Well, we’ve talked a lot lately about gambling – whether Booth is willing to gamble again on Brennan and if Brennan is gambling now on Booth, and I think…well I think in a way the scene in Booth’s apartment (at the end of The Blackout in the Blizzard) is about not gambling – for both of them. Rather it’s about laying their cards out on the table, admitting where they each are in the moment, and acknowledging what it’s going to take to get to the point where they can both take the risk and be better for having done it. It’s being willing to go into a relationship with their eyes wide open. No excuses. No changes. No take backs.
Of course, the similarities between Bones and Trade Wind don’t stop with the relationship. Hero Hollis and Temperance Brennan may come from two completely different eras, and therefore have completely different belief systems, but they are both still strong, stubborn women with an unquenchable desire for justice. If Hero changes at all in the course of the book, it’s that she learns (the hard way more often than not) that vanquishing evil is neither a simple nor a straightforward process. While she gradually learns to view the world from a less idealistic point of view, that doesn’t change the fact that when faced with an injustice, she does whatever is in her power (or Captain Frost’s, much to his chagrin) to right that wrong. As the book says, “people don’t change over-much in essentials.” The same is true for Temperance Brennan.
We’ve discussed at length here on Bones Theory the changes we’ve seen in Brennan this season, specifically post-Doctor in the Photo. I’ve seen a number of people make the argument that Brennan shouldn’t have needed to change at all. That the changes we’ve seen in her have not only fundamentally weakened her character, but that the writers, by having her change “for Booth,” have essentially implied that she wasn’t worthy of his love the way she was. And yet, I see something different.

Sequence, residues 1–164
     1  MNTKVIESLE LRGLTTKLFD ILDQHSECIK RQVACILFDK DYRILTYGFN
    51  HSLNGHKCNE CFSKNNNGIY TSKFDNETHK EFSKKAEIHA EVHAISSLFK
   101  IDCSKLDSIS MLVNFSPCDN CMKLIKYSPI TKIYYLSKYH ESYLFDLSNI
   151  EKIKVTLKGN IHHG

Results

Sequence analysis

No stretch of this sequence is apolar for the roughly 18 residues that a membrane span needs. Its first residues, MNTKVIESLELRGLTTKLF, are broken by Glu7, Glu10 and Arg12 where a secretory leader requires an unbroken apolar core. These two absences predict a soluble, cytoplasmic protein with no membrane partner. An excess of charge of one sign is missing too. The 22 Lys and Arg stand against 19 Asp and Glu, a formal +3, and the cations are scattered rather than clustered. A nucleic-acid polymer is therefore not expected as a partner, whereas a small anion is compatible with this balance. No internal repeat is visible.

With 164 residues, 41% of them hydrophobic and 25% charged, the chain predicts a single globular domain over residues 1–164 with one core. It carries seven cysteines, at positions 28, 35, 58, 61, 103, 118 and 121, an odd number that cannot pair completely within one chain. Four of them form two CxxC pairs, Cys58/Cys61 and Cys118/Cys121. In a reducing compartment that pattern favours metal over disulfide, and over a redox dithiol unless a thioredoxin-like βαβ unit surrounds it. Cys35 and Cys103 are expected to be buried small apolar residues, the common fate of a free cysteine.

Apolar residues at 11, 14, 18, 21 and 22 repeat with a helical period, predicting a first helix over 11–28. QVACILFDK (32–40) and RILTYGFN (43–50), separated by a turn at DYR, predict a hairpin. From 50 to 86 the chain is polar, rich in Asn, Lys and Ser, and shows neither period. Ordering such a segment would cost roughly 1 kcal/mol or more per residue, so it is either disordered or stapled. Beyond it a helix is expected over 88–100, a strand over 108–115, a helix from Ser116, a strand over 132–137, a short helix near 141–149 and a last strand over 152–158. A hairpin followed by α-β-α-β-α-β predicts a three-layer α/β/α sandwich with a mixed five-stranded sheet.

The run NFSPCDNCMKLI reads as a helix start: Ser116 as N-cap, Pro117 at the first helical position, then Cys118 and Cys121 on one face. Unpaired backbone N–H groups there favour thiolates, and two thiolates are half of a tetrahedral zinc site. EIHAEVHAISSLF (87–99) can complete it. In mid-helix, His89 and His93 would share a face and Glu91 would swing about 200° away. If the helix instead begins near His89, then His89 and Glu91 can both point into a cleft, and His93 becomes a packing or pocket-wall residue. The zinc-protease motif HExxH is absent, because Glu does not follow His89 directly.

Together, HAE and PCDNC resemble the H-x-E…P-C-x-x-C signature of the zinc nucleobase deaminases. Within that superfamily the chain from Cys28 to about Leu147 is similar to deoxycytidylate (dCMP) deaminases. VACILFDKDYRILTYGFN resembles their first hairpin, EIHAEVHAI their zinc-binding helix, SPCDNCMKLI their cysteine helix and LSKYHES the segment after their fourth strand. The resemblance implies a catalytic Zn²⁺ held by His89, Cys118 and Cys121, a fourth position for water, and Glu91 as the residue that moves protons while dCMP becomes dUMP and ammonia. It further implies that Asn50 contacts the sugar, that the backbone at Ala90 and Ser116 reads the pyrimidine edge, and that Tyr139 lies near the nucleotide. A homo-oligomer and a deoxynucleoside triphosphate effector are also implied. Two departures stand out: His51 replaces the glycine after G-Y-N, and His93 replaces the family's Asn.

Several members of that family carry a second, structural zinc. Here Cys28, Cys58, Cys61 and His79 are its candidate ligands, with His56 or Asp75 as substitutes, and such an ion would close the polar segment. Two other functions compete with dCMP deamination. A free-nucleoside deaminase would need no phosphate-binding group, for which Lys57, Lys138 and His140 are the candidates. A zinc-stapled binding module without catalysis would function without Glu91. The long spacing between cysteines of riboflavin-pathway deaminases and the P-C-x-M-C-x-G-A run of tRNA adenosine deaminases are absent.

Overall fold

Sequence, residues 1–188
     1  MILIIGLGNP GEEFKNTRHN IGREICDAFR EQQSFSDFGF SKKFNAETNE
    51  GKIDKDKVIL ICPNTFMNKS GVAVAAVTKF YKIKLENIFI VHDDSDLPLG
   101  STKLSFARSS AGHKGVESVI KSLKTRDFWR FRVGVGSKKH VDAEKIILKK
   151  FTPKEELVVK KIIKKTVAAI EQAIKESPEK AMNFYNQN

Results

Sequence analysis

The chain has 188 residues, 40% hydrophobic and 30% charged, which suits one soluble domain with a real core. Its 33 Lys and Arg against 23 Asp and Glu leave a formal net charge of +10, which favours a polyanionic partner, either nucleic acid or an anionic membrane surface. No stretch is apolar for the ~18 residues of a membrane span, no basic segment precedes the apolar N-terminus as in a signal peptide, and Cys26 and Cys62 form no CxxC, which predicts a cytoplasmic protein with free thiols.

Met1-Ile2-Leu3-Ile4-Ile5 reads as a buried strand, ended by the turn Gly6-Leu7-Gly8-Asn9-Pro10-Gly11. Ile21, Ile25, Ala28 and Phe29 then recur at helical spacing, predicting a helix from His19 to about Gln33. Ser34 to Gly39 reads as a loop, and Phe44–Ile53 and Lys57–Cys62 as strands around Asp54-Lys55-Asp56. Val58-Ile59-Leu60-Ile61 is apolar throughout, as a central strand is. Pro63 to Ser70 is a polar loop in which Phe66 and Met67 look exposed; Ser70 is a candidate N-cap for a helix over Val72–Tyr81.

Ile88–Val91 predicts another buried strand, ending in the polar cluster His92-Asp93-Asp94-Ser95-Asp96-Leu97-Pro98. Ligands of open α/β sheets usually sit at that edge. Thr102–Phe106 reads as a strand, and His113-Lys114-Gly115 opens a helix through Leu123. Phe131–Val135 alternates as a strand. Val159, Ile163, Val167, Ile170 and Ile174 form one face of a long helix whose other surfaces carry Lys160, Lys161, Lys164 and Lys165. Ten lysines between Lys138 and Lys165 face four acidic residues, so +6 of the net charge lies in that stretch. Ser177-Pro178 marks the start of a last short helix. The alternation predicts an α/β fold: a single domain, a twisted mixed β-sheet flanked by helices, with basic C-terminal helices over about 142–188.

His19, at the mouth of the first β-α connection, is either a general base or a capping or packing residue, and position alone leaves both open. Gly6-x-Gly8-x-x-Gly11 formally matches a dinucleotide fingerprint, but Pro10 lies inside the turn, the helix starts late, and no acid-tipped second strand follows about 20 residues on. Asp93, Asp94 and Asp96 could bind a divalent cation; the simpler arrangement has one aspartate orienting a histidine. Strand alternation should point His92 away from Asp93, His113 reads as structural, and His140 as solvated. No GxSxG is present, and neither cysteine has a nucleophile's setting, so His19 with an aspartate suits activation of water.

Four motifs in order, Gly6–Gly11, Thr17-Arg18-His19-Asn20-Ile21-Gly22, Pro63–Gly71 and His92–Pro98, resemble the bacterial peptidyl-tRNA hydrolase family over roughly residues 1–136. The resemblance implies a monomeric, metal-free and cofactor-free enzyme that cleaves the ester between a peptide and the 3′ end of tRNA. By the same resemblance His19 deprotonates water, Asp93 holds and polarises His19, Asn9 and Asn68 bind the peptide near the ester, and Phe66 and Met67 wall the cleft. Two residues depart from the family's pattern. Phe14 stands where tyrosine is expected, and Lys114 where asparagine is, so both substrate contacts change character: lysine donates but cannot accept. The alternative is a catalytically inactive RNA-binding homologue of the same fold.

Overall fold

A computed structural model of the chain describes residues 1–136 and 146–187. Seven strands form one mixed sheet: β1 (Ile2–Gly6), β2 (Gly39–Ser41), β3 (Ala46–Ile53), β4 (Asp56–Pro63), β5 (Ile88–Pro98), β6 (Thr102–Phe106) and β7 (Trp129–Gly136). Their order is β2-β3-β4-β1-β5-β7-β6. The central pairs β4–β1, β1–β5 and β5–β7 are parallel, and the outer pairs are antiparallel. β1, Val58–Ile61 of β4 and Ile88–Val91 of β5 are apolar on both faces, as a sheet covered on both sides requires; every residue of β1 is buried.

Much like Hero Hollis, it isn’t Brennan’s character that’s changed over the years, rather her perception of the world. At the core, she’s still the same person she was in season one (that this is true was illustrated very effectively, over and over again, in the comments to Sarah’s March 19th post, “Brennan: Progressive Regression? Regressive Progression?”). Much like that, “frigid piece of Grecian marble,” Brennan was once impervious. But by her own admission, she’s stronger now than she was then. There was a problem before, she did need to change, and she has. But the problem isn’t that she was truly unlovable, it’s that she was unable (or unwilling) to truly love. Please understand what I’m saying here. The problem wasn’t in who she was; it was in who she chose to be.
She chose to believe that love is ephemeral because nurture taught her that it was. But I believe that it’s in her nature to love anyway. I think Brennan loved Booth, whether she realized it or not, long before she went to Maluku. She loved him in spite of what she believed, and when she couldn’t deny that any longer, she ran. And Booth? I absolutely believe that Booth always loved her just the way she was (that’s what “trying for a different outcome” was all about). He may not have completely understood what it would take to create a successful life with her, but he was still willing to try.